Torn (The Handfasting)

Torn (The Handfasting) by Becca St. John Page B

Book: Torn (The Handfasting) by Becca St. John Read Free Book Online
Authors: Becca St. John
heart, the race of his blood, urged to charge into a fray. Still, with
tremendous effort, Talorc held his ground and waited. His neck prickled, a
moment of confusion before he distinguished between reaction and instinct.
    He
pushed down the sight of his wife, the memory of an arrow lodged in her body. Time
will come for recriminations. He had not kept her safe.
    He
could not think of it. Not now. Now he had to act. He breathed deep, centered
himself on the pursuit and was rewarded. Musty air.
    The
ground was fresh with summer in the wind yet a scent of damp earthiness
lingered. He turned toward the root cellar. It had been opened, recently.
    More
men rushed out from the main building. He stayed them with a hand, motioned
toward a stick, which young Colban grabbed and tossed to him. Talorc used it to
reach for the metal handle of the door, to give distance should the enemy be
ready and aimed for battle, but before Talorc could lift the handle, it inched
upward, opened from the other side.
    He
stood back, as did his men, out of view from the entrance asit was pushed
open.  The weight of it slapped almost back in position, before caught by
woman's backside as she pushed through the opening, back bowed with the weight
of a heavy load.  Once free from the low lintel, her head lifted and she
turned, wielding a basket of onions, her hair mussed, sweat dotting her brow.
    "Deidre?"
    Startled,
she looked at him. "Talorc?"  Then at the men who formed a crescent
around where she stood, a mere woman on a domestic errand.
    "Fetching
onions?"
    She
lifted the basket and raised an eyebrow as she turned to go back into the
kitchens.
    "Did
you see or hear anyone, anything, while you were out here?"
    "No.
Should I have?"  She brushed past him, but he stopped her.
    "Talorc,"
Deidre tried to pull away, her jerk loosened the pile of onions. The top ones
fell. "Look what you made me do."  She scolded, "Big Birtha is
waiting for these."
    He
bent to help her.
    "Bold!" 
Paraig was anxious to get on with the search. Talorc nodded for him to go but
not before he signaled, with his eyes, for someone to go into the caves.
    "Leave
Nail and Sim with me."  He added.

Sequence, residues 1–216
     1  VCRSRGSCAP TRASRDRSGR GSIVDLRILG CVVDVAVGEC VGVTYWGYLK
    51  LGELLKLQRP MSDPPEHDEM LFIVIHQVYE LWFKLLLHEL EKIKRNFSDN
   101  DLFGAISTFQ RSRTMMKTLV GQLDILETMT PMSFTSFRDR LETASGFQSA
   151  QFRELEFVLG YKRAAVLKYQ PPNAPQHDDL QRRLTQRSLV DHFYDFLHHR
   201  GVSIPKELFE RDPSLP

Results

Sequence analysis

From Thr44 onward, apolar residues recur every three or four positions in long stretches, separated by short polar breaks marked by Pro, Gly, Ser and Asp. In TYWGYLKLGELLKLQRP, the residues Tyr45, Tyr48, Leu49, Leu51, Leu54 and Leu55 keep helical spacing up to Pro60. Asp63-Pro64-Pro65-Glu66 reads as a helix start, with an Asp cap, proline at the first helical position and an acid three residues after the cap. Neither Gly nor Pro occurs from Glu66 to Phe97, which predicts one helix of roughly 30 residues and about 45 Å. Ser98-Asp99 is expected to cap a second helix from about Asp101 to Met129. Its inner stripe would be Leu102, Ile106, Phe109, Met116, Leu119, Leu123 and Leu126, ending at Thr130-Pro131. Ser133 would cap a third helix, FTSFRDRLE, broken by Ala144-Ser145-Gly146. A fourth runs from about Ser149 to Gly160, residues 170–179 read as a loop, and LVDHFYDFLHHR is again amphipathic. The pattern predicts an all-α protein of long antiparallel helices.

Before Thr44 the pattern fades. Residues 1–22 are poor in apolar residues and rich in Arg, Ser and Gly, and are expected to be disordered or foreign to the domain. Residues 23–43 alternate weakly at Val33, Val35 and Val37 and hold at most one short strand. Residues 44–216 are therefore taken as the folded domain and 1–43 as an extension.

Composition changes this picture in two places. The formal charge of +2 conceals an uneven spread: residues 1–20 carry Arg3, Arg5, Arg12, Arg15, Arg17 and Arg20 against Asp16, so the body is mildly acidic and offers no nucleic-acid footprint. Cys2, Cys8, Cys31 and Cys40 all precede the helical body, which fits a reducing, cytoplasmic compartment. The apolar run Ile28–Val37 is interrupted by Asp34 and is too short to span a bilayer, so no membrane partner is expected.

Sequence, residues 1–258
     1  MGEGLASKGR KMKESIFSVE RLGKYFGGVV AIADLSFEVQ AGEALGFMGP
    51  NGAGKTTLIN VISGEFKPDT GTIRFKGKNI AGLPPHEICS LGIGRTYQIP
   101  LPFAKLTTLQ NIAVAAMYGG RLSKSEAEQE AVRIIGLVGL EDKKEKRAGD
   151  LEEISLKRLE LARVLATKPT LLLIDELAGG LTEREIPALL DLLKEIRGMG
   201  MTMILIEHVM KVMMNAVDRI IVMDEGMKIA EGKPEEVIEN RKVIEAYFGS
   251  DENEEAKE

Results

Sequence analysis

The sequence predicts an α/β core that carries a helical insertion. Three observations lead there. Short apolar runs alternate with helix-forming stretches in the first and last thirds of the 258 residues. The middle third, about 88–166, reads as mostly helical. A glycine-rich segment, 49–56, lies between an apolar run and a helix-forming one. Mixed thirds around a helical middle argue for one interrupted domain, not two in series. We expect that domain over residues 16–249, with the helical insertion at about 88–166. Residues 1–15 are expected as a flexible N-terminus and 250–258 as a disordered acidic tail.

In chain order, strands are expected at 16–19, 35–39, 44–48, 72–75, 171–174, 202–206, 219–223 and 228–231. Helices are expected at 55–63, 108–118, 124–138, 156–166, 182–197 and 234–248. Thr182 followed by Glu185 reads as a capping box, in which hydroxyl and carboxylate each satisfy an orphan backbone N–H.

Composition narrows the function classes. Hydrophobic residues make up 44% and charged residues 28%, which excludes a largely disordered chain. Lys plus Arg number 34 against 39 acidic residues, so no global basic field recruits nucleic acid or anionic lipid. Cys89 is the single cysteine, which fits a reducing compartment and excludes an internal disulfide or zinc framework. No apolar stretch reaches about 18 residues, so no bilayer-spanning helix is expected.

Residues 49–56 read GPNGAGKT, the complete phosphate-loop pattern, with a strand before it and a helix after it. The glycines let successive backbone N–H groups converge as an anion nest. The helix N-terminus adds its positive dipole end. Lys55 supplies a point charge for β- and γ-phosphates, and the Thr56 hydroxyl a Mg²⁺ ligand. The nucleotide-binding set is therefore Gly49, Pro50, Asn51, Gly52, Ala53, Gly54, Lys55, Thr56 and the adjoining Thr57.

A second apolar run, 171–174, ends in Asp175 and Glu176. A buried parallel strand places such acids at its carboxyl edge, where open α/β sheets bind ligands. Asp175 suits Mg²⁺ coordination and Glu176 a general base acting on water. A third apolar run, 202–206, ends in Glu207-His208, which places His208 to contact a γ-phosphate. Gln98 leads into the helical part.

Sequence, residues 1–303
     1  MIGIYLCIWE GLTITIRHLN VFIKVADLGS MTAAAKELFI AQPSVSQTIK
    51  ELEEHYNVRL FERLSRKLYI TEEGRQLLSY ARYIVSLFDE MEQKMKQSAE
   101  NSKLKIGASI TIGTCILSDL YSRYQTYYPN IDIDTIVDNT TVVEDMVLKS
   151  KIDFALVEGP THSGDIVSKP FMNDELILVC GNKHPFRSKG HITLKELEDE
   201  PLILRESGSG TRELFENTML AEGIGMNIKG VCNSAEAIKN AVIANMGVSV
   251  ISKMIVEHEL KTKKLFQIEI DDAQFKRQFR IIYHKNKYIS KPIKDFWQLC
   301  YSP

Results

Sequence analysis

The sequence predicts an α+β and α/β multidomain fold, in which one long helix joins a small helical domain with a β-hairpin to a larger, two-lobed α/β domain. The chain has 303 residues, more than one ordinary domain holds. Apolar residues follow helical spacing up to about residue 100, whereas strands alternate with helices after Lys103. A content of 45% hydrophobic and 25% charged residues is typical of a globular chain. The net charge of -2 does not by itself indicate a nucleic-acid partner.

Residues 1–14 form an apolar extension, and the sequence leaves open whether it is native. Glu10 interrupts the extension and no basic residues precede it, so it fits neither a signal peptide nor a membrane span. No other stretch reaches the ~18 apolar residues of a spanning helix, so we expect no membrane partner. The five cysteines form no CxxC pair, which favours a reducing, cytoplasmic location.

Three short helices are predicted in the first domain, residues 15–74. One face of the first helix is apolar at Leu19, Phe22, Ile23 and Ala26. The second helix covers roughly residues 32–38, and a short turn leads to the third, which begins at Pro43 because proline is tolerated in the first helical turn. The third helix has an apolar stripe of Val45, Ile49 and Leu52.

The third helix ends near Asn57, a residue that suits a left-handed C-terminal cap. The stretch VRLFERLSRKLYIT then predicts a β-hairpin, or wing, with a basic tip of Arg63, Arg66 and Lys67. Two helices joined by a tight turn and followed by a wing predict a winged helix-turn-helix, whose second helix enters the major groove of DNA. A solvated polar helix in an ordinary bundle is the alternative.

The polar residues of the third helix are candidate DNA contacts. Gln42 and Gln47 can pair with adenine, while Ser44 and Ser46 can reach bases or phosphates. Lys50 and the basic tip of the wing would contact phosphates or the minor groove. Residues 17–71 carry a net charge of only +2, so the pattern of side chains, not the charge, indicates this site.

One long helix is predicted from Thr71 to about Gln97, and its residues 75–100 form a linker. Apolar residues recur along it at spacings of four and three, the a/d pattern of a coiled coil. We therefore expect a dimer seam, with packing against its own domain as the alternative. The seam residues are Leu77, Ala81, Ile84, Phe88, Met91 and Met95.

Deidre's
head shot up. She glanced at the men leaving, the ones staying. She settled the
basket on her hip. "May I go as well?"  It was a sarcastic question,
she was already aimed toward the kitchens.
    "By
all means."  Talorc murmured. An infinitesimal nod had Nail following her.
    Talorc
looked at Sim, who was already down on his haunches, checking the tracks that
traversed the courtyard outside of the kitchen.
    "You
know what I'm thinking?"  Talorc asked.

CHAPTER 9 – A WOMAN’S GAME
 
     
    "Maggie!" 
She heard the thunder of her brothers’ approach, lifted her lids and saw them,
as stormy as they sounded, bearing down on her.
    But
her vantage point disoriented her. Where was she?  In her father's arms?  Just
inside the keep?  Why?
    She
blinked at all the faces that stared at her. Shock, terror . . . a bare breath
of sound escaped with awareness. She had fainted. Stout hearted, strapping
Scottish lass that she was, had fainted like some fragile Sassenach woman.
    And
it all came back . . . the boy, too young to be left alone, yet not with
Seonaid at the keep . . . poisoned water. . . Seonaid's distraction. . .
Beathag lost and confused . . . switched mugs . . . arrows . . .
    "Bold!"
She screamed at the top of her voice and as she did the flash of another memory
flipped through her mind.
    Talorc
spinning around, seeing the arrow, horror, fury, guilt. A moan of worry rippled
through her.
    "Let
me down!" She cried as a chorus of voices shouted.
    "Maggie,
you've been wounded."
    "Who
was the bastard?"  Crisdean was yelling.
    "Let's
go!"  Feargus the younger led the charge.  Voices rang around her, as her
father fought to keep her steady.
    "Let
me down."  She screamed and fought so hard her father was challenged to
keep her in his arms.
    "Do
as she says, da, before she does

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